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Blake Faces a Murder Trial but Not Death

April 30, 2002

I can't believe the district attorney's decision not to seek the death penalty in the Robert Blake case (April 26). Blake allegedly committed a textbook capital murder case, with premeditation, conspiracy and lying in wait.

Was it because of his age? I don't remember an age limit in that section of the penal code. Was it politically motivated, to avoid risking the loss of a high-profile case because some juror might vote not guilty to avoid having Blake sentenced to death? If so, then the D.A. just validated the "jury nullification" theory used in the O.J. Simpson case: The full force of the criminal justice system isn't applied to society's elite--just to the little people.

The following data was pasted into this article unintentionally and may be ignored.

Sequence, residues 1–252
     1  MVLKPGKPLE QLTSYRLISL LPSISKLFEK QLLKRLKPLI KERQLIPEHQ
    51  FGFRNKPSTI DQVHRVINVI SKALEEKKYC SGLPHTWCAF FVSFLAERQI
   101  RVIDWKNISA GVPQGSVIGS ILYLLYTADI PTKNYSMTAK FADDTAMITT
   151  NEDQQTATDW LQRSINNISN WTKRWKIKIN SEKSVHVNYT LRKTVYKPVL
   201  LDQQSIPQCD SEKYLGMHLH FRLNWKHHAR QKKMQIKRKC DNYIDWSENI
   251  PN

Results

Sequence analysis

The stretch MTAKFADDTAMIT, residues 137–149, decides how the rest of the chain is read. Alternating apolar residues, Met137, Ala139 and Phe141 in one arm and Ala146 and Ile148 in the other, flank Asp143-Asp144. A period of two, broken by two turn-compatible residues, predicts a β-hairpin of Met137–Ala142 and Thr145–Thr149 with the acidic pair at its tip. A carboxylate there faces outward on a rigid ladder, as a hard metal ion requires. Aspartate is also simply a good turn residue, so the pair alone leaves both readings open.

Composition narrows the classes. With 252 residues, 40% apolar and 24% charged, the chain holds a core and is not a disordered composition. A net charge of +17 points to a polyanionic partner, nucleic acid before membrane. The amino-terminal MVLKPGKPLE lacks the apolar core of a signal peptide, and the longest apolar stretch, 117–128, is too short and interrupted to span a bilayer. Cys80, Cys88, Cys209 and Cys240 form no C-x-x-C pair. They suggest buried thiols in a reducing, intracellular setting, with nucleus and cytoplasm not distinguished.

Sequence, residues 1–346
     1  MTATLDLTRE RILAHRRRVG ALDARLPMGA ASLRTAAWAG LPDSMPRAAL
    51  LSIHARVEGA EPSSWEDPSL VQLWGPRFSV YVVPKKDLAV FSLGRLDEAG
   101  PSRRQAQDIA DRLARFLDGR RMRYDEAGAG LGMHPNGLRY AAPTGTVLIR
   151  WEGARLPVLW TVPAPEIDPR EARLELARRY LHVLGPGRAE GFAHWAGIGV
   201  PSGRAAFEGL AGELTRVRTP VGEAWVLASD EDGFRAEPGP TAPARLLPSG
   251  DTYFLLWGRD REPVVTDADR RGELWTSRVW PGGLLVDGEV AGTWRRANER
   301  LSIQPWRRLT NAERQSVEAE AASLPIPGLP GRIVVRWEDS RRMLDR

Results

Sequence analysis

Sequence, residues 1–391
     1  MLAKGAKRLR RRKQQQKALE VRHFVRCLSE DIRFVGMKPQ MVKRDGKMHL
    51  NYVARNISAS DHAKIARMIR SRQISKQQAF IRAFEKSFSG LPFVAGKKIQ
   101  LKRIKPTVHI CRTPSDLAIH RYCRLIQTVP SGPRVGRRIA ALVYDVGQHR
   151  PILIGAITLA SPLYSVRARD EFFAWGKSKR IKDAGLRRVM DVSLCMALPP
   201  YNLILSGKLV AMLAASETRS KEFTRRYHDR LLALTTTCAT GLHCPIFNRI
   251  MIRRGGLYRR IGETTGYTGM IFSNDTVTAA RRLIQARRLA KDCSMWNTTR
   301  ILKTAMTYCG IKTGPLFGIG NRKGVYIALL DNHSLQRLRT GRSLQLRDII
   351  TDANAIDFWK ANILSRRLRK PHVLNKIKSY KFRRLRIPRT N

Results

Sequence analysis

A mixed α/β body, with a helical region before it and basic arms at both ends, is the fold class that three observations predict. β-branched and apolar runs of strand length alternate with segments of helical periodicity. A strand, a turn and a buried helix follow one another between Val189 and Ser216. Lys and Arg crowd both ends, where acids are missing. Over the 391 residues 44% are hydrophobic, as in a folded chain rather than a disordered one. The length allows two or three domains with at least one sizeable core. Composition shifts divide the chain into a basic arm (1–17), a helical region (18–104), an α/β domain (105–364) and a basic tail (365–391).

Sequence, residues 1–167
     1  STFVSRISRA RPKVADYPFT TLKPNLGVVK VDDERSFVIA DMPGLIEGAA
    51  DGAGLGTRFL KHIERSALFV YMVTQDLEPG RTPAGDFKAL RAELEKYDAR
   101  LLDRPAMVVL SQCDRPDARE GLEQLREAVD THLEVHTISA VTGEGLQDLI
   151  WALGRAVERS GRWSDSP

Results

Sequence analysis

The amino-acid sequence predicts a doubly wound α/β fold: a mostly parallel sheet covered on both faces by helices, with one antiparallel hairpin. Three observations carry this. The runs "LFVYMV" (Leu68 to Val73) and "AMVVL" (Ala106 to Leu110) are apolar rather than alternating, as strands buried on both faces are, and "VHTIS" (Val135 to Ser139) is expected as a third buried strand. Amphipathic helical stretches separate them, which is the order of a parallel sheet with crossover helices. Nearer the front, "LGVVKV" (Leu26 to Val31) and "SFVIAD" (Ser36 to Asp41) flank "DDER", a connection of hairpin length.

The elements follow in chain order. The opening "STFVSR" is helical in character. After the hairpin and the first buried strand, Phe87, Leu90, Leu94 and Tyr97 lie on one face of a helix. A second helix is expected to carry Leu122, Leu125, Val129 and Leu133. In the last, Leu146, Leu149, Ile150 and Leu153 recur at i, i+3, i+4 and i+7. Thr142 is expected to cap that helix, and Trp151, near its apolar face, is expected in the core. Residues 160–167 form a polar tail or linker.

Nick Salicos

Seal Beach


Re "Robert Blake: A Good Guy/Bad Guy Awaits the Role of a Lifetime," Commentary, April 26: I found the bit on Blake's resume by David Slavin and Bruce Kluger to be in poor taste. I can appreciate the satirical view of our celebrity trials. In fact, I very much regret the lack of satirical writing in general in this country. Unfortunately, we tend to take ourselves too seriously for satire to be popular. Nevertheless, we're talking about murder here.

It seems to me that this piece, although amusing, does more to trivialize the crime than to poke fun at our obsession with celebrity.

Patrick I. O'Donnell


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